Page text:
You can change back-end options; global options; dashboard options; write options for posts, pages and custom page types; link options; and menu options. There is also an export function that lets you easily duplicate settings across your other websites.
Adminimize: Information and download
8. Codepress Admin Columns
Codepress Admin Columns lets you customize your admin screen for all post types and users. Simply define the columns that you want shown in each area, and disable the ones that are irrelevant to you. You can add custom fields, and the plugin works well with some other popular admin plugins, too.
8. Admin Management Xtended
Adds AJAX-powered editing options to the editing pages of your posts and pages. The buttons let you switch a post from “Published” to “Draft” and vice versa. You can also change the date, edit the post’s slug and switch comments off more quickly than usual.
Admin Management Xtended: Information and download
9. WordPress Tweaks
Lets you toggle more than a dozen simple tweaks, such as disabling the dashboard’s admin bar, disabling the Flash uploader, disabling post revisions and much more. Also worth checking out is DP Tweaks, which has a few different tweaks.
WordPress Tweaks: Information and download
10. WordPress Admin Bar Improved
Gives you complete control over the admin bar. Default items such as your website’s name and website links can be disabled, and you can add items such as a log-in bar, registration link and custom menu items.
WordPress Admin Bar Improved: Information and download
11. WordPress Post Formats Admin UI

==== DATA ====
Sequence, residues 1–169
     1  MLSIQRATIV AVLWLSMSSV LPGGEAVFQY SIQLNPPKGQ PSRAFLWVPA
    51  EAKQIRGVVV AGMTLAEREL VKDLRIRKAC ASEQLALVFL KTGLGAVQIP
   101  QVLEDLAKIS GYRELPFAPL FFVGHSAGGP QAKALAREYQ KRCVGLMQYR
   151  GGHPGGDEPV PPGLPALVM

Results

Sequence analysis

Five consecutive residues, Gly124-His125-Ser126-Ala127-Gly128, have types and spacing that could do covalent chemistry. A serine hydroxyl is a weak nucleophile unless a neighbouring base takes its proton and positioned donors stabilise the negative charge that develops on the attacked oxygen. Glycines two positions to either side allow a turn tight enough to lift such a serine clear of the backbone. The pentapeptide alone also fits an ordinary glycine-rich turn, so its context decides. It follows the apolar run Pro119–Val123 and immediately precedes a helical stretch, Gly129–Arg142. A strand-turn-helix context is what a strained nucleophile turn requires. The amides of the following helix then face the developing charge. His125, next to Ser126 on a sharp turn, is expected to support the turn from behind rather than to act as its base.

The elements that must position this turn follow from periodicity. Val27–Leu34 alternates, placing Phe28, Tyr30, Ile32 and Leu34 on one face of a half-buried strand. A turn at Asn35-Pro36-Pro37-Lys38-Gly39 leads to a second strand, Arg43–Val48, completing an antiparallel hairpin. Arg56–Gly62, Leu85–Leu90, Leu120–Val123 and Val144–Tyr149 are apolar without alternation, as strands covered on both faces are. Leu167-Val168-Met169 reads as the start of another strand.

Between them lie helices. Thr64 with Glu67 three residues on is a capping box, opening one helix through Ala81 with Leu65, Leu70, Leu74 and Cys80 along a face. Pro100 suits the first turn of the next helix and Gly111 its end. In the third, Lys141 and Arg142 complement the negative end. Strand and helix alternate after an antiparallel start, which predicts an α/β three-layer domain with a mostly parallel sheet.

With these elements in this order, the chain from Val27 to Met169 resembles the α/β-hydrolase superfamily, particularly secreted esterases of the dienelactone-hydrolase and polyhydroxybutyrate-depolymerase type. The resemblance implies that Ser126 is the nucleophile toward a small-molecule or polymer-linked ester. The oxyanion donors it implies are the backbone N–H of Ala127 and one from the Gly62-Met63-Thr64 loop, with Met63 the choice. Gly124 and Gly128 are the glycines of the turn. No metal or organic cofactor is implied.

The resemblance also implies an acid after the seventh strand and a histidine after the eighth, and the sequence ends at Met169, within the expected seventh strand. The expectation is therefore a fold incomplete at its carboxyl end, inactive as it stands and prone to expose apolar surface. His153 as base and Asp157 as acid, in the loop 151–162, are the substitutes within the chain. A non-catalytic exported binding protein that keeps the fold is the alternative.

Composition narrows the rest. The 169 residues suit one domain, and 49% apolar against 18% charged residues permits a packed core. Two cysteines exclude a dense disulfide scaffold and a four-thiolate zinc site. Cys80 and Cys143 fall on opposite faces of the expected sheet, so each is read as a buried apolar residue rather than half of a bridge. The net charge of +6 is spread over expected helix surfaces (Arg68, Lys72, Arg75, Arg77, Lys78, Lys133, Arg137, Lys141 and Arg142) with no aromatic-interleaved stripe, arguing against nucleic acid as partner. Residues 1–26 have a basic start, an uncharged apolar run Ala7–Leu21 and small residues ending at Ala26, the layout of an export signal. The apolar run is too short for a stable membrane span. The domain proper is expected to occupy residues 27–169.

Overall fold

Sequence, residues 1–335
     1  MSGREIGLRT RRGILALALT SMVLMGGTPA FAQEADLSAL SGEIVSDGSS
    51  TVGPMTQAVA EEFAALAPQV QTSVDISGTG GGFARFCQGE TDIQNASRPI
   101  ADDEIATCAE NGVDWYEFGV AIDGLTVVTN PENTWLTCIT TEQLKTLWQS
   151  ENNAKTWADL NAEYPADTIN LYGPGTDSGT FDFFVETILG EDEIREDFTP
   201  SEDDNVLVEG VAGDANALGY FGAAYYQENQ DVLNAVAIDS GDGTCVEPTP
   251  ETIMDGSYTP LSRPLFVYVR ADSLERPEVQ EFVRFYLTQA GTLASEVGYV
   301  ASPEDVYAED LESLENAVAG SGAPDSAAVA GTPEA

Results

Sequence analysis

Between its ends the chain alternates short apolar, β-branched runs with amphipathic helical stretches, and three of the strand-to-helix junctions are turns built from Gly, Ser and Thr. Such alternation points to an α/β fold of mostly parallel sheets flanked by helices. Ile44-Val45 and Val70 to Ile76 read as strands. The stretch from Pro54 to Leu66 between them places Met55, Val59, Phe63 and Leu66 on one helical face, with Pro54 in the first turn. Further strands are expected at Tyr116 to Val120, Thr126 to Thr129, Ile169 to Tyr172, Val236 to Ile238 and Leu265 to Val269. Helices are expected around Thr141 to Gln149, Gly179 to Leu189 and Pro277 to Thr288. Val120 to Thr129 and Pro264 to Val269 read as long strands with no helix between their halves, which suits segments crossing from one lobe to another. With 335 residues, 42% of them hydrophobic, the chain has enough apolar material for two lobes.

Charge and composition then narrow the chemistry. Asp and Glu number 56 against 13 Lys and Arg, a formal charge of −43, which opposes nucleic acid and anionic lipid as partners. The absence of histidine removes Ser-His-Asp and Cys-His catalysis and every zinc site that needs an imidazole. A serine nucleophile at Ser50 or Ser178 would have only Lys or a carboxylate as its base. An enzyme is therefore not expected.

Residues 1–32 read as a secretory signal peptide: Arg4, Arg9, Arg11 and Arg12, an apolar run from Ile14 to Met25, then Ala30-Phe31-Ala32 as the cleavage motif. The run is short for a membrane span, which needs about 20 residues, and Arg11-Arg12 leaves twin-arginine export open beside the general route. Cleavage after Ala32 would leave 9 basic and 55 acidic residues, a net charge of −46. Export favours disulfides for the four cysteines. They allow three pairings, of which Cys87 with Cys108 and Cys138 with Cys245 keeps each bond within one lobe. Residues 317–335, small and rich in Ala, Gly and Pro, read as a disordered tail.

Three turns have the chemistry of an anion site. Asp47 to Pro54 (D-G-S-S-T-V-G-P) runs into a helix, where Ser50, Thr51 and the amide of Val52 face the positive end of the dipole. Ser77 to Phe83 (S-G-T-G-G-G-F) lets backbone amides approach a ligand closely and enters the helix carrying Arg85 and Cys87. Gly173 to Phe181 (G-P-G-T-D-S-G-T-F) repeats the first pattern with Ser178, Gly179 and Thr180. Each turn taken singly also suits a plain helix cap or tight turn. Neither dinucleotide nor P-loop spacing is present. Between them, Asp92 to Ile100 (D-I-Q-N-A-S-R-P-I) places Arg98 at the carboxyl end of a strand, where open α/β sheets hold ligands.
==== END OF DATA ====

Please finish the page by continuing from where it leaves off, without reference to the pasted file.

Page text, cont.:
Adds a built-in admin interface for post formats. Each tab has been designed to work better with its matching post format. For example, the video tab only has a field for the video’s title and a text area to post the video’s code. Don’t be surprised if you see this built into WordPress’s core in 2012.
12. Audit Trail
A useful of way to track exactly what is happening on your website. Audit Trail shows you what actions users have taken in the order that events have happened. You can track file attachments; manage categories, comments, links, posts and pages; switch themes; and manage user profiles, log-ins and user page visits.
Audit Trail: Information and download
13. Custom Admin Branding
A quick way to brand the admin area for clients or staff. The log-in logo, admin bar logo and footer logo can easily be changed in the plugin settings page, and you can change the log-in color scheme, too.
Custom Admin Branding: Information and download
14. Fluency Admin
A great admin styling plugin that was toned down last year due to improvements in the default admin style. The plugin lets you upload your logo to the log-in page and admin bar and change the color scheme of the admin area. The admin bar and admin menus can also be customized.
15. Login Lockdown
An essential plugin that limits the number of log-in attempts from a user from an IP range within a defined time period. You can adjust the maximum number of retries a user is allowed, the retry time period and the length of time a user is locked out. Details of which users are currently locked out are on the settings page, but unfortunately it doesn’t store this data for future reference (i.e. to track those who repeatedly get locked out).
16. Secure WordPress
A security plugin that lets you apply around a dozen tweaks. Tweaks include adding an index file to the plugin directory, removing the version number of your WordPress installation from all areas, and blocking queries from harmful websites.
17. WP Security Scan
Another great security plugin from Website Defender for improving the security of your WordPress-powered website. It provides information on how to make your website more secure in a number of areas, such as making sure important files and directories have the right settings. It can also change some settings directly, such as the table prefix of your database and the default admin user name (which is “admin”).
It can also hide the version of WordPress you are using, and it walks you through why adding an
.htaccess file to the
wp-admin folder will make the website more secure.
Notes And Messaging
18. Private Messages For WordPress